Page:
Wednesday, March 9, 2016

Into the woods - A walk at Mission Creek (Part 2) and the Wildflowers of 2016 (#1)

This is the second half of a lengthy write-up about a walk that I took through Mission Creek Woodland Park yesterday (08 March 2016).  For Part 1, please look here.

With all of the recent snowmelt, Mission Creek is running full and is full of sediment.  It has the color and clarity of chocolate milk.

Mission Creek is full of muddy water

Once I crossed over Mission Creek and into the Cedar-dominated swamp, it was like stepping into an entirely different season.  South of the creek the snow is almost gone, north of the creek the ground is still covered.  This has to do with a couple of factors.  The canopy cover in this section of swamp is much denser than the Red Maple section, blocking more sunlight from hitting the ground and melting the snow.  Also, the creek itself is bounded by a very tall bank, when the sun is at a low angle in the sky (such as during the winter months) it can't reach some sections of the cedar swamp at all.

This short stream originated from a series of hillside seeps

Instead of run-off from melting snow, the northern edge of the park is full of running water from  seeps where groundwater flows out of the ground and drains into Mission Creek.  This constantly running water means that much of the ground here never freezes solid, unlike other locations in the park.

This section of Mission Creek is my favorite place in any of Mt. Pleasant's parks.  It is such a different habitat compared to the other parks.  Cedar swamps are rare in this part of Michigan so this is like a small piece of northern Michigan dropped into the local habitat.

The trail runs through a cedar swamp along the edge of Mission Creek

Many years ago, when I worked for the Mt. Pleasant Parks Department, I hauled a bunch of lumber down along the Mission Creek and built two sections of boardwalk over very wet and eroded areas.  One of the sections was just laid as a tread atop sections of log on the floor of the swamp.  The other section of boardwalk was more substantially built up.  The log section has begun to decay because it was placed right atop wet soil - the higher section is still standing through a grove of cedars.  It's doesn't seem like much, but it has kept this small spot from suffering further erosion due to foot traffic.

A short boardwalk along Mission Creek

Although the trail through the park is fine, I always discover more when I move off the trail.  Even though I have spent dozens (maybe even hundreds) of hours in this park.  I often discover new things.  Yesterday I found an interesting old cedar stump.  The stump itself is not that interesting, the area was logged long ago and there are larger stumps hiding in the woods.  What was really cool about this stump was the pair of trees growing from the top of it. 

Sometime in the past, a pair of seeds landed on this stump and germinated.  One of the seeds came from a Northern White Cedar, the other belonged to a Yellow Birch.  Seeds often germinate on top of old rotting stumps, but most do not survive.  Both of these trees have managed to survive.  As the stump decayed, the two trees began to outgrow their home.  They both reached down toward the ground with their roots, seeking additional water and nutrients.  Eventually, the stump will decay completely.  If the trees survive, they will be raised above the ground by their stilt-like roots.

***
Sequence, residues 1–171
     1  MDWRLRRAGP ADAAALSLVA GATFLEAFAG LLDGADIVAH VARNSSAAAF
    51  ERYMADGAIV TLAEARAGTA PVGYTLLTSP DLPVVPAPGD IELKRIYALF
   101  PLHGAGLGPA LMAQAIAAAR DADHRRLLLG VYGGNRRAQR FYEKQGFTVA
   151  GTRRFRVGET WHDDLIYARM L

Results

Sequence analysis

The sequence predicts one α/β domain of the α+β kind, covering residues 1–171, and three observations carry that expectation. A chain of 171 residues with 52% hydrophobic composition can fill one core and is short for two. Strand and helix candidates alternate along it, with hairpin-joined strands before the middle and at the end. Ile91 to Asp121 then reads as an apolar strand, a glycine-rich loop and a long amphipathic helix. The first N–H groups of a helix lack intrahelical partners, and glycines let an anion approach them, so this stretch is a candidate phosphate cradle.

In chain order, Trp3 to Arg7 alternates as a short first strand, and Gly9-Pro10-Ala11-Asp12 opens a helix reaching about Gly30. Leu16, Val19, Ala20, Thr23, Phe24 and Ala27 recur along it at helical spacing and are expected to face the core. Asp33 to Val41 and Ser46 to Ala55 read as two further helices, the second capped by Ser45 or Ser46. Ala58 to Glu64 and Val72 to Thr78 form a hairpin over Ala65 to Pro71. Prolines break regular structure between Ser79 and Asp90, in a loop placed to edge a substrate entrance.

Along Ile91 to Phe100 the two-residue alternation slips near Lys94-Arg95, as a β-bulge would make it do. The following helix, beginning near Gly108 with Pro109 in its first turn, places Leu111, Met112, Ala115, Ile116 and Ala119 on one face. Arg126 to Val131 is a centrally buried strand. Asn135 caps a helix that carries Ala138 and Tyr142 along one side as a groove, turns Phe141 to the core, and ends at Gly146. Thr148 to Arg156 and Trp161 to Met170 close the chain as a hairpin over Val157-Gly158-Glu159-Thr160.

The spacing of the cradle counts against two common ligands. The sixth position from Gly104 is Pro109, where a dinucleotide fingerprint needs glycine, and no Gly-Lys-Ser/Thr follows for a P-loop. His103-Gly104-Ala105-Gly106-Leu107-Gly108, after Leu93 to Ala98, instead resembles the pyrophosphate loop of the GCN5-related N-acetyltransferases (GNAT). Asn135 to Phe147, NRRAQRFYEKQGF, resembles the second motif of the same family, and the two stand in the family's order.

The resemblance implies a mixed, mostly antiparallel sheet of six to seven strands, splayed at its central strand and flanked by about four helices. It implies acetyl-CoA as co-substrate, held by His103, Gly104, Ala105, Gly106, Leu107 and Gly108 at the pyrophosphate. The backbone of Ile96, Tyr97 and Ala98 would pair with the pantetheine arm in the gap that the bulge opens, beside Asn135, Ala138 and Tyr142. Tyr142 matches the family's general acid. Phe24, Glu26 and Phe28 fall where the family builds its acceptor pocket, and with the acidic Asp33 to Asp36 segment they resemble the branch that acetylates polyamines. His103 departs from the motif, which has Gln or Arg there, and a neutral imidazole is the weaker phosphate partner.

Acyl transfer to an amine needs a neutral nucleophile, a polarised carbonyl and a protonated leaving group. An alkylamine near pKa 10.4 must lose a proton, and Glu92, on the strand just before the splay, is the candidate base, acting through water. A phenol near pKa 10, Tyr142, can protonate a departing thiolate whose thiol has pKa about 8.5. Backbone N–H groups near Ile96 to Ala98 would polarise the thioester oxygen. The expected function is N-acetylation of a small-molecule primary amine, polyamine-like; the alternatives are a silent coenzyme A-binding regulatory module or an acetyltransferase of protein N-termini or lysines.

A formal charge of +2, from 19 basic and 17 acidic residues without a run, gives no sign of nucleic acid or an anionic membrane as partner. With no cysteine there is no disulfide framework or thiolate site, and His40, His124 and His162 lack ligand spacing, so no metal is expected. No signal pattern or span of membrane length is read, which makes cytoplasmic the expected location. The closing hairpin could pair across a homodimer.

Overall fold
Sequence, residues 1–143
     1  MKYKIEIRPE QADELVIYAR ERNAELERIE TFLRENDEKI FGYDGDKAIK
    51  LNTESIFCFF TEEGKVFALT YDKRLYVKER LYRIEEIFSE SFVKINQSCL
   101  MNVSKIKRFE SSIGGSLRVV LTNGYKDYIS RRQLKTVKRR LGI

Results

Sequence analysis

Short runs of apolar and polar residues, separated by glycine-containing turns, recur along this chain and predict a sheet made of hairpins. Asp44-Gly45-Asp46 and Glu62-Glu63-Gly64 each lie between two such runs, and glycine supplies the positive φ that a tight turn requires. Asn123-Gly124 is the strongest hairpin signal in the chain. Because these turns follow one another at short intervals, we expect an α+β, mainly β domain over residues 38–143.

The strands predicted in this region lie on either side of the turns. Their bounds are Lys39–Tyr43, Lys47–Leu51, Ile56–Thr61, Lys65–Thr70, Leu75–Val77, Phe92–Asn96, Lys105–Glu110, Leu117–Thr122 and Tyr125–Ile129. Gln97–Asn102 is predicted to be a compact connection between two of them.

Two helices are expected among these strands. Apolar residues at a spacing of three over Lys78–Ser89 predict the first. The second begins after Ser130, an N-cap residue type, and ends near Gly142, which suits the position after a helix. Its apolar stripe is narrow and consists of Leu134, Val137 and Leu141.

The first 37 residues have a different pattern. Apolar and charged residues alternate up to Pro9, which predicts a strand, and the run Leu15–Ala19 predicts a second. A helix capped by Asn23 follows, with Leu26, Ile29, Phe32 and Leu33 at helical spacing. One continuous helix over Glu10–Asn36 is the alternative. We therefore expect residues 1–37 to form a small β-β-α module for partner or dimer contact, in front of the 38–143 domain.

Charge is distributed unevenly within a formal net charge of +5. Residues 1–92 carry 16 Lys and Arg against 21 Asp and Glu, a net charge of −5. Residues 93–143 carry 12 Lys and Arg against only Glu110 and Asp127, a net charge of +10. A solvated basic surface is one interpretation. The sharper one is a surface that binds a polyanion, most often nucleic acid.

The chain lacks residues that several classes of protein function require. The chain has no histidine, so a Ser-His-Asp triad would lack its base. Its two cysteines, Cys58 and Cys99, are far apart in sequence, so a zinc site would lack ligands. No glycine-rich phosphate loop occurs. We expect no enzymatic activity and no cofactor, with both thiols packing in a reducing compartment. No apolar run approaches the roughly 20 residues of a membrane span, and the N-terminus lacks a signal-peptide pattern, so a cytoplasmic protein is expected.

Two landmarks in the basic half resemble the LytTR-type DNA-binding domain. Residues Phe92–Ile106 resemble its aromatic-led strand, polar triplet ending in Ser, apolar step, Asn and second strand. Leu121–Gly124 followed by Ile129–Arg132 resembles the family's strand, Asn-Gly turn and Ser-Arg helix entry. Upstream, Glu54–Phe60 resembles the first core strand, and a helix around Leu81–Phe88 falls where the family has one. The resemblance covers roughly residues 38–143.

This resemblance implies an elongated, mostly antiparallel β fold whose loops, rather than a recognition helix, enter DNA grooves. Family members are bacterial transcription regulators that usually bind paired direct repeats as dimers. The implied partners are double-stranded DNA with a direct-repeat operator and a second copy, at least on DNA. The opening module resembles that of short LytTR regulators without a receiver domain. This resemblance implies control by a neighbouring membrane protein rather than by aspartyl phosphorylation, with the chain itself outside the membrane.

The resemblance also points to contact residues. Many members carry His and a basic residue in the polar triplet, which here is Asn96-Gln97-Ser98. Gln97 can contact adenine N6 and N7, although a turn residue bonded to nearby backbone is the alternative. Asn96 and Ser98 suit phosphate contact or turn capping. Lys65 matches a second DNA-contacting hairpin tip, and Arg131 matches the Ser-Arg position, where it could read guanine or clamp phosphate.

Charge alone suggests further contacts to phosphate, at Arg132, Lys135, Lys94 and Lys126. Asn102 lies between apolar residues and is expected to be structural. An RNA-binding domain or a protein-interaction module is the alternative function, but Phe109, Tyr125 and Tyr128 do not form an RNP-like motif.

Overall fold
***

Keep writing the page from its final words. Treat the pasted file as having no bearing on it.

The cedar has another twist to its story.  When it was a young tree, something bent it toward the ground - perhaps heavy snowcover or a fallen branch.  This caused the tree's trunk to curve downward, but the end of the trunk grew upwards.  The result was this S-shaped bend in the trunk

A Northern White Cedar (left) and Yellow Birch (right) growing from an old stump

I also found my first wildflower of the year!  Not surprisingly, Wildflower #1 of 2016 is the Skunk Cabbage (Symplocarpus foetidus).  I half-expected to find this plant.  It is not unusual to find Skunk Cabbage flower poking up through snow.  In 2013, I found my first Skunk Cabbage on almost exactly the same datemy first 2014 Skunk Cabbage was almost a month later.  I didn't find a lot of Skunk Cabbage yesterday, but I found enough to think that spring is on its way.  Many of these flowers are not yet fully mature.  However a few were open, exposing pollen to insect visitors.

Most of the Skunk Cabbage that I found was growing in flowing water

This Skunk Cabbage flower is beginning to open for business

Skunk Cabbage - Inside the flower on the left you can just see the pollen that shows this flower is open for business.

Although I photographed a few more things before leaving the park, this seems like an appropriate way toe end this post.  Now, I will probably have to wait several more weeks before I find my second wildflower species of the year.  I look forward to it...



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